Ravenmark: Mercenaries is a turn-based strategy game developed by Witching Hour Studios behind Ravenmark: Scourge of Estellion and Ravenmark: SOE (Episodic).
In a ravaged world, players build their troops, make their banner known and save the world from destruction by evil and dark rulers. To that end, players are going to hire mercenaries, incorporate them into their battle formations and then put them into fierce campaigns. There is nothing unusual or noteworthy on that front.
Ravenmark: Mercenaries lacks in story telling, but its gameplay compensates for the lack. Players enter board-like battlefields and fight against enemy armies, hidden or not. For each turn, a player has got limited command points, with which he or she give orders to different squads and units to advance or launch attacks or perform other actions. Those points are seldom enough to issue orders to every unit in one’s formation. Actions are performed only after both parties confirm their commands and the units in the two sides follow a random order in making moves.
Gameplay is similar to that of Scourge of Estellion and SOE. Units are divided into different types based on the weapons and equipment they use. And different units have an edge over some enemies but can be weak when confronted with others. That is why players not only need to design the attacks, they also need to adjust the formation (break or form formations, to be specific) depending on the opponent’s formation.
What makes Ravenmark: Mercenaries incredible is its game mode. Different from SOE, which revolves around the campaign mode where players fight against NPCs and completes all sorts of missions, Ravenmark: Mercenaries focuses on multiplayer matches. In the multiplayer mode, players can either challenge a random player or one of their Facebook friends or WHS friends. There is also this Contracts section where players send their troops out to perform assigned tasks to earn silver coins. But Contracts is text-based and doesn’t present animations. Players only need to wait for their troops to return and be “available” again.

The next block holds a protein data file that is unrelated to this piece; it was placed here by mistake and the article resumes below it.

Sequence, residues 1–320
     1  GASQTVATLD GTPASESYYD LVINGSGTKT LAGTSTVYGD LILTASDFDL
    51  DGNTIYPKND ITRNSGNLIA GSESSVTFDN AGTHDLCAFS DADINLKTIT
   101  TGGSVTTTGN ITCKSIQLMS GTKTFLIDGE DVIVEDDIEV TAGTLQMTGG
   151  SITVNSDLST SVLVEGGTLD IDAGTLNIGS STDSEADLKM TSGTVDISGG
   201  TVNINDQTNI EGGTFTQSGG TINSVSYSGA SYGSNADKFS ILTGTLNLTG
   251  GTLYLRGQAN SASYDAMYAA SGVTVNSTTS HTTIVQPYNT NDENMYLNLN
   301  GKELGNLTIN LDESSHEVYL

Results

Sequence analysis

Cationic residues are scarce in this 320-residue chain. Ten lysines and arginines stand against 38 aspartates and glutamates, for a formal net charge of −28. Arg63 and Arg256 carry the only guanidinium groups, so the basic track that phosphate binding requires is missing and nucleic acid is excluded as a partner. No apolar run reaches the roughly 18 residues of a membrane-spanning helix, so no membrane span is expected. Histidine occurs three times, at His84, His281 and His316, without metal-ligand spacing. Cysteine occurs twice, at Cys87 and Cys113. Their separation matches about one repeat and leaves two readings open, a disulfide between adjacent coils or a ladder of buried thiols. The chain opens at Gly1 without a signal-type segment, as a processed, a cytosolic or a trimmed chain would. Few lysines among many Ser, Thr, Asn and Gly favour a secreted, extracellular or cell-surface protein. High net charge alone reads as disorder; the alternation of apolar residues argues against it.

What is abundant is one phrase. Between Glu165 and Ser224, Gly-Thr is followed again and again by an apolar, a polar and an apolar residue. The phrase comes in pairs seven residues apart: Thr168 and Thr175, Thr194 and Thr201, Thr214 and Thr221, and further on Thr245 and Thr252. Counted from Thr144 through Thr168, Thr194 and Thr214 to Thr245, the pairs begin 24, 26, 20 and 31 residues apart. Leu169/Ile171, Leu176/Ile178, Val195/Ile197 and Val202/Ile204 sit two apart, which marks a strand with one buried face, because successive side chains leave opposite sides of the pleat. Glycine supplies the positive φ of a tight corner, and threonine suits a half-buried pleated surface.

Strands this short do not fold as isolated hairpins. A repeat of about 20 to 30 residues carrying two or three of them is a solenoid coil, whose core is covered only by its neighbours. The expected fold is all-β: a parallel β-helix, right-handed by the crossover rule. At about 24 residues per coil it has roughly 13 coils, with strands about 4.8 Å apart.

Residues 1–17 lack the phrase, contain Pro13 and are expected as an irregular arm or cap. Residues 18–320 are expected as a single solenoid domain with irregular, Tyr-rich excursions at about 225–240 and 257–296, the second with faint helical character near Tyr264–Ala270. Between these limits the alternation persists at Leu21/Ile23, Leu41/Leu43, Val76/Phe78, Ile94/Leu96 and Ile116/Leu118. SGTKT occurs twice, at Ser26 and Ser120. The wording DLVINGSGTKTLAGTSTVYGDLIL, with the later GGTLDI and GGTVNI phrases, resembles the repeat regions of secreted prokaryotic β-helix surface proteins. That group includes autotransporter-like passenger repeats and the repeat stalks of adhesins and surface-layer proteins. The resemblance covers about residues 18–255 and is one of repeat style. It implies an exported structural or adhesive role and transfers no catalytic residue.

Ravenmark: Mercenaries retains the hand-painted art from its original, which is a special feature of the series. The infantry, cavalry, and even their weapons, shields and mounts are hand-drawn. And all the bushes, fields, cottages and everything else are also in hand-painted style. But no comic book-style visuals are displayed when troops of opposing sides confront each other.
Since the actions are performed only after both parties give orders, players would have to wait for their opponents to finish their orders, and like in Bookworm Heroes and Running with Friends, players will never known when their matches will proceed or whether their games are just forgotten by their opponents. And the best way to get out of such trouble is to fight against one’s friends.
Ravenmark: Mercenaries adds PVP to the complicated and challenging turn-based strategy mechanics. The result is very appealing, but not without any flaw. The synchronous battle leaves players in the waits and only God knows when a game can be finished.